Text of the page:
California Legally Recognizes Third Gender Option on Birth Certificate, State ID Card

California Gov. Jerry Brown / Getty Images

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Next year, California will begin legally recognizing a third gender for state residents who do not identify as male or female.

Democratic Gov. Jerry Brown signed the Gender Recognition Act on Sunday to make it easier for people to change their gender on state identification cards and birth certificates, and to add a "nonbinary" option, the Sacramento Bee reported.

The new law—which will take effect on Sept. 1, 2018—defines the designation of "nonbinary" as an "umbrella term for people with gender identities that fall somewhere outside of the traditional conceptions of strictly either female or male." This classification includes but is not limited to some transgender individuals, those born with intersex traits, those who use gender-neutral pronouns, and those who describe their genders as "agender, genderqueer, gender fluid, Two Spirit, bigender, pangender, gender nonconforming, or gender variant."

The bill will also make it easier for residents to change their gender to male or female, eliminating the need for a court order or proof of clinical treatment to apply for gender changes. Advocates of the law say this change will expand rights for California's LGBT community, the Bee noted.

Past law required an individual to have undergone some sort of treatment for the state to recognize a change of gender on official documents such as a state ID or birth certificate.

The new bill requires that "the state registrar shall issue a new birth certificate reflecting a change of gender to female, male, or nonbinary without a court order for any person born in this state." Residents just need to submit an application to the registrar and an affidavit attesting that the request is not made for any fraudulent purpose.

Jody Herman, an expert on gender identity law and policy for the Williams Institute at the University of California, Los Angeles, said that Oregon, Washington, D.C., Australia, New Zealand, Nepal, India, Pakistan, Thailand, and parts of Canada have already adopted some form of legal recognition of a third nonconforming gender.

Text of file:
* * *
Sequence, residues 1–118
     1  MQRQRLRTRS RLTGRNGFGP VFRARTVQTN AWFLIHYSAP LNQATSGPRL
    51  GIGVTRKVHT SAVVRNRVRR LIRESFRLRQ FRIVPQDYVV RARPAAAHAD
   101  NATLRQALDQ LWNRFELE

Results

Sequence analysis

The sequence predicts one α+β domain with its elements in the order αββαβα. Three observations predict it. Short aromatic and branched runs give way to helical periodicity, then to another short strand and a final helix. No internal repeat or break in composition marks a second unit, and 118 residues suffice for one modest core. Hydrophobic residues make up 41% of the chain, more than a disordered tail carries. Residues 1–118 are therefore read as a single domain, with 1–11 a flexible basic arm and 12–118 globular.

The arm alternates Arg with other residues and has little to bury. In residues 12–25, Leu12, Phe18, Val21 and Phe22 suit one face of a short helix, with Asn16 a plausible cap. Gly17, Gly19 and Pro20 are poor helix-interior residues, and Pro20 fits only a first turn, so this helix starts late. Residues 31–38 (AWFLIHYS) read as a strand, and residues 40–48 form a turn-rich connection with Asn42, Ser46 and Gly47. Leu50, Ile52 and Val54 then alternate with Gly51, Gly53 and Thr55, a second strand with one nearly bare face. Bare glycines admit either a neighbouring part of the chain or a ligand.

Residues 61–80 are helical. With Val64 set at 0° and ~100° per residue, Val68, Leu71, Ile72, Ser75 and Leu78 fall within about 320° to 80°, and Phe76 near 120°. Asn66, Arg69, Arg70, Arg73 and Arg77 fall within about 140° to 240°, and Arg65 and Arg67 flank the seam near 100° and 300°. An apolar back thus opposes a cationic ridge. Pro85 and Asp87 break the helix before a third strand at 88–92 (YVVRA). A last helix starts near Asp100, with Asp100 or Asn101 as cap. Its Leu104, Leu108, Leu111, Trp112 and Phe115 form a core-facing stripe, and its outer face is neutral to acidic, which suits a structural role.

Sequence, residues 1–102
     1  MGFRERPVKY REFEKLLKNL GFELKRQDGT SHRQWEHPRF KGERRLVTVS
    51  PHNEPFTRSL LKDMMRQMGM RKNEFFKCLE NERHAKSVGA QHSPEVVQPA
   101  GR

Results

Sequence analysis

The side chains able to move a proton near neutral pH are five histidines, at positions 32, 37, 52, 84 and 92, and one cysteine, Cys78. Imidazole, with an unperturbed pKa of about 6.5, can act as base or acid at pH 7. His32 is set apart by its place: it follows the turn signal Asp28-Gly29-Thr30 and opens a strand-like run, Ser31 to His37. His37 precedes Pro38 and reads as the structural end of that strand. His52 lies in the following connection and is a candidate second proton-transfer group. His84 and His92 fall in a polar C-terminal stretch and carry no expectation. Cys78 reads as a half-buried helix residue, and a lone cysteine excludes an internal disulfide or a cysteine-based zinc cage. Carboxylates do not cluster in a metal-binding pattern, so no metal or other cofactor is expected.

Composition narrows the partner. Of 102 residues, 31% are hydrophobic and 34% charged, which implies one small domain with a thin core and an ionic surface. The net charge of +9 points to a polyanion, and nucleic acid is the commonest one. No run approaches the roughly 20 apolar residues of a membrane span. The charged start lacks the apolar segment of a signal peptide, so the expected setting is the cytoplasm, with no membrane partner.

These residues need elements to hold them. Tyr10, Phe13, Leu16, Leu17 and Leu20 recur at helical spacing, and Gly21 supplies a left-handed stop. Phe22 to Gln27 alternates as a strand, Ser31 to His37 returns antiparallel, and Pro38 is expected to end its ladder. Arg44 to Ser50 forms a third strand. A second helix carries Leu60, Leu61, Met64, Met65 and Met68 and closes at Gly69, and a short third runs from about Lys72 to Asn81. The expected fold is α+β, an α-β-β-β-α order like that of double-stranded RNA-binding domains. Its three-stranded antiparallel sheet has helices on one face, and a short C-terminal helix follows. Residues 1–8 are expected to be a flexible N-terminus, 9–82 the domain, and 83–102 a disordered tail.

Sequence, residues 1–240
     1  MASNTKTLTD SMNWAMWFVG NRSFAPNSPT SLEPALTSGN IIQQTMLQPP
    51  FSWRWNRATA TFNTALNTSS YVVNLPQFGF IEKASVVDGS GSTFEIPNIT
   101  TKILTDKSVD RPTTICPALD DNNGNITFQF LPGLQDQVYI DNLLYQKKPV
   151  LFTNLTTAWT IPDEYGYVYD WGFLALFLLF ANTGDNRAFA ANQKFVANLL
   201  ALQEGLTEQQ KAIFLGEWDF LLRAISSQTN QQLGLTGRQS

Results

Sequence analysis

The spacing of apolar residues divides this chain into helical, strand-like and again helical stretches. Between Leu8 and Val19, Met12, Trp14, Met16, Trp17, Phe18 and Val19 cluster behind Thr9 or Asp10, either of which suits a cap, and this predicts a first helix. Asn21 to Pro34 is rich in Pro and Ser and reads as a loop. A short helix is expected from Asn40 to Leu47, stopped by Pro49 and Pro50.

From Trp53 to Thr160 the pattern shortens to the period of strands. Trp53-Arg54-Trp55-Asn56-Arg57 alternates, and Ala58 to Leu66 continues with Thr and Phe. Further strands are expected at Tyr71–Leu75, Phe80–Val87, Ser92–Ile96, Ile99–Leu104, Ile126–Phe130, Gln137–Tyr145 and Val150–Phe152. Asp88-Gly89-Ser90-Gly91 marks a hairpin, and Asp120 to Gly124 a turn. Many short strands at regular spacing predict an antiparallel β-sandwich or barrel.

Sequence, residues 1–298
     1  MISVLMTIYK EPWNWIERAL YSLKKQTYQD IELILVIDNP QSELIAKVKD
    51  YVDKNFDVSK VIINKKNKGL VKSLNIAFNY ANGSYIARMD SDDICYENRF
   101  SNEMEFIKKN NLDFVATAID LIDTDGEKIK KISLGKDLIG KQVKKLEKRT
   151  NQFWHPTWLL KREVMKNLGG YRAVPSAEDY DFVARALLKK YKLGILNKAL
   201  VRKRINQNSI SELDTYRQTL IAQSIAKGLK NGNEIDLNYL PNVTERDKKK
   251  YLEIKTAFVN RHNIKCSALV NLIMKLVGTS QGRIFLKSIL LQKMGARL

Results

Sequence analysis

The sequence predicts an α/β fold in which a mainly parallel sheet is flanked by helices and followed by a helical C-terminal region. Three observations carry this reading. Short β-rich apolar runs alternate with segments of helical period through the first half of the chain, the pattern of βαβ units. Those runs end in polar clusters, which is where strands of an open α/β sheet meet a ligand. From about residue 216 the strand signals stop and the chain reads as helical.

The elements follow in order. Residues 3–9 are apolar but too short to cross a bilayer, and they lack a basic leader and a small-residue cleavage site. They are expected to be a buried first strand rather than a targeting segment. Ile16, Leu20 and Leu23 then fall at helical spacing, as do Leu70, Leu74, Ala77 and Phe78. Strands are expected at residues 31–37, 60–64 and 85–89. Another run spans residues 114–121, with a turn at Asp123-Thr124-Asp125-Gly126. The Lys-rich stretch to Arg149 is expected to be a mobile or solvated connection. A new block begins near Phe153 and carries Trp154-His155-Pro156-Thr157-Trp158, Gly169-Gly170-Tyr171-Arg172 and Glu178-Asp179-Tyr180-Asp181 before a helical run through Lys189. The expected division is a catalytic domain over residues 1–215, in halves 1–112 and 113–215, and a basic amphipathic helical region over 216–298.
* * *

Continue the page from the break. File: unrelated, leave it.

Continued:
"California is a large state and if we can make these changes to our administrative system, then certainly other states are capable of doing that," Herman told the Bee. "As gender identities continue to expand and our concepts of gender continue to expand, governments are going to have to grapple with it and figure out how to be responsive to the way people understand themselves and live their lives."

Randy Thomasson, president of the pro-family organization SaveCalifornia.com, released a statement in opposition to the new law.

"Pushing so-called ‘nonbinary' upon 15-year-olds applying for a learner's permit or 16-year-olds getting their drivers' licenses tells them a big lie about sex," Thomasson said. "It's an unchangeable law of Nature that you're male if you've inherited a Y chromosome from your father; if not, you're female."

"Now that Governor Brown has signed this illogical bill, parents will have to work even harder to teach their children the reliable facts of life," Thomasson said.

Katelyn Caralle

Katelyn Caralle   Email Katelyn | Full Bio | RSS
Katelyn Caralle is a media analyst at the Washington Free Beacon. Before joining Free Beacon, Katelyn worked as a Digital Strategy Intern at The Heritage Foundation. She graduated from Bloomsburg University of Pennsylvania in 2016 where she served as Editor-in-Chief of The Voice.

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